Deutsche Bank: No Nasty Surprises
In the banking industry these days, no news is good news. Investors are relieved just to hear that there are no unpleasant surprises. So it was with Deutsche Bank’s (DBKGN) fourth-quarter earnings report on Feb. 7. Net profit fell 47% from a year earlier, to $1.4 billion, on lower earnings at the investment banking division as well as higher personnel costs.
But the numbers were in line with expectations, and more important, there were no huge writedowns linked to turmoil in the financial markets. The bank's shares slipped 1% in Frankfurt trading on the news, less than the decline in the benchmark German DAX index. Chief Executive Josef Ackermann—celebrating his 60th birthday—looked pleased with himself at a Frankfurt press conference. "Deutsche Bank is a solid bank for all seasons," he said.
But how much was skill, and how much was luck? Ackermann says Deutsche Bank strategists last year recognized that the U.S. housing market was overheated and unwound their exposure. The Frankfurt bank couldn't avoid some losses, writing off $3.2 billion in the last quarter. And in the most recent quarter, Deutsche Bank wrote off about $74 million related to its leveraged finance business.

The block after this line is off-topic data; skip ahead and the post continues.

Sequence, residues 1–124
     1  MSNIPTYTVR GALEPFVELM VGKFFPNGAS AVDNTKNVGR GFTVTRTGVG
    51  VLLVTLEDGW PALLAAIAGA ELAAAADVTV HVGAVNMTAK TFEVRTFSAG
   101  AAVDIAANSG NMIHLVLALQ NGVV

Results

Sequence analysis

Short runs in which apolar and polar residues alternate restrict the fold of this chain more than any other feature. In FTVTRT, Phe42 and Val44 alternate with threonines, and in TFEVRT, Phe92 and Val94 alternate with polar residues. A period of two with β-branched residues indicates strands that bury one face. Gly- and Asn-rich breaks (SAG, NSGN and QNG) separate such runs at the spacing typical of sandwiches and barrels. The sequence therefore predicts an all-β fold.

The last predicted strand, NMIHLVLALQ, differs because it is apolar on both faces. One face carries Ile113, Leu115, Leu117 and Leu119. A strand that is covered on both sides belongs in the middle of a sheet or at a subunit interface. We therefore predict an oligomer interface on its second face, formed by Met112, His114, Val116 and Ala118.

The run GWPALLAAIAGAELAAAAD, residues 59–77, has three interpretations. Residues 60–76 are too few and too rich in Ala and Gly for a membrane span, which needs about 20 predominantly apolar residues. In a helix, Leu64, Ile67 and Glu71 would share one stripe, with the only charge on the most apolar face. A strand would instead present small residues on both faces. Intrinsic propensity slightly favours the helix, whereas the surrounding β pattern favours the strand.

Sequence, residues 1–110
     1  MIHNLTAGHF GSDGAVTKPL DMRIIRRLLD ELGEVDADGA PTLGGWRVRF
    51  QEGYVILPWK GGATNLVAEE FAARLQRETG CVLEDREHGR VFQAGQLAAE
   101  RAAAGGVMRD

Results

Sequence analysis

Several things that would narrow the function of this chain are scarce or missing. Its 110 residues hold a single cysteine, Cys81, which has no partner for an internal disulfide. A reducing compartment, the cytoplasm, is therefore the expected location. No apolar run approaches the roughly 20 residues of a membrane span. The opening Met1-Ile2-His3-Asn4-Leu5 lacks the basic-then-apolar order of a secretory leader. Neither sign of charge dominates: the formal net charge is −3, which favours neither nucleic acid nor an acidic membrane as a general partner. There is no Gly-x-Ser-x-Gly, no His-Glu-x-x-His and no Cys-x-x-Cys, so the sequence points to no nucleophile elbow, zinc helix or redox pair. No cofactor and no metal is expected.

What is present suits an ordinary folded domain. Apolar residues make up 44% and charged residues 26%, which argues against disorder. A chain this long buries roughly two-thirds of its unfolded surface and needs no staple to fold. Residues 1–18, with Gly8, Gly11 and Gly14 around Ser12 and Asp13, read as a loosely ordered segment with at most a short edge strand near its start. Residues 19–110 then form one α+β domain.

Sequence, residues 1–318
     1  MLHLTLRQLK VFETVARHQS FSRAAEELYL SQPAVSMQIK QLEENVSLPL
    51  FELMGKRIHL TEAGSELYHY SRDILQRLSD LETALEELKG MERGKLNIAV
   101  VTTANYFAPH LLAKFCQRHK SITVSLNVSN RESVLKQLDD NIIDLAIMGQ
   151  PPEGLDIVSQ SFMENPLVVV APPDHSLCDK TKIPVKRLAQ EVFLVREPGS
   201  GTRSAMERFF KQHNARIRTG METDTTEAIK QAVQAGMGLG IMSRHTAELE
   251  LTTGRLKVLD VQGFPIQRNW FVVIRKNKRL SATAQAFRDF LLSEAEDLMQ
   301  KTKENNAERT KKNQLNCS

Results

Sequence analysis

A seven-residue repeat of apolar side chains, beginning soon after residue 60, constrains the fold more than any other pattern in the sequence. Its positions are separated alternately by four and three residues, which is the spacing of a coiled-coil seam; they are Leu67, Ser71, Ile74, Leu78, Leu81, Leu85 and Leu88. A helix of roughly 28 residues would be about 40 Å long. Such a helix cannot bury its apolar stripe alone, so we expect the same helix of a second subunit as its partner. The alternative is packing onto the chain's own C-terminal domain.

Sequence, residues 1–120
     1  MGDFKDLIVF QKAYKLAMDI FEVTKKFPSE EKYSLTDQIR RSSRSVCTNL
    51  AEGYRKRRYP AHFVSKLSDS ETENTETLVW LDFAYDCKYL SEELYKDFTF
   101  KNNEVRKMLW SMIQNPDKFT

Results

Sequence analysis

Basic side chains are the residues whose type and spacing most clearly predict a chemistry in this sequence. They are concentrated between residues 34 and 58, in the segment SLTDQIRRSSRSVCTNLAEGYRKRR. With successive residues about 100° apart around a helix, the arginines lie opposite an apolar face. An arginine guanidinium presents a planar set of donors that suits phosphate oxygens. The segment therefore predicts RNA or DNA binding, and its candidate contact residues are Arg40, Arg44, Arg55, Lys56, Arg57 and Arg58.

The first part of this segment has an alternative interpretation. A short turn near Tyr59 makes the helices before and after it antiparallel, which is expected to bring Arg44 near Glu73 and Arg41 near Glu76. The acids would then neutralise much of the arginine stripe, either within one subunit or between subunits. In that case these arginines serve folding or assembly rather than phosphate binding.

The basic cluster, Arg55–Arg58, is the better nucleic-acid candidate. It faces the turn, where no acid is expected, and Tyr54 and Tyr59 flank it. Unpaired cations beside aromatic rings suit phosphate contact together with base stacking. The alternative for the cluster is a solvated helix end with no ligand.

But those figures are modest compared with double-digit billion losses at the likes of UBS (UBS), Citigroup (C), and Merrill Lynch (MER). Without naming competitors, Ackermann criticized banks that took trading positions that, if they went sour, threatened the whole institution. "Certainly there's an element of skill" in Deutsche Bank's escape from the subprime mess, says Matthew Clark, an analyst at investment bank Keefe, Bruyette & Woods in London. "Their policy was to distribute risk, not hold risk."
Ackermann Upbeat About 2008
Ackermann was careful not to declare the danger over. After learning that trader Jérôme Kerviel may have caused $7.2 billion losses at Socíeté Générale (SOGN.PA) in Paris, Ackermann ordered an inquiry into whether Deutsche Bank would be vulnerable to an employee making unauthorized transactions. The results won't be in for several weeks. "I don't expect that something like that can happen to us," says Ackermann, though he added "I can't rule it out."
Ackermann even offered a relatively upbeat forecast for 2008. He stuck to his prediction that the bank will report a pretax profit of $12.3 billion for the year. Analyst Clark thinks Ackermann's confidence means 2008 is already off to a solid start. "If they had a terrible January and expect further writedowns, they would be unlikely to make such a bullish outlook statement," he says.
Deutsche Bank may even be able to profit from the woes of its rivals. Michael Cohrs, head of global banking, told reporters the bank can make money in areas such as distressed debt or helping companies restructure their balance sheets. Added Anshu Jain, head of global markets: "There is a clear opportunity for us to take market share."
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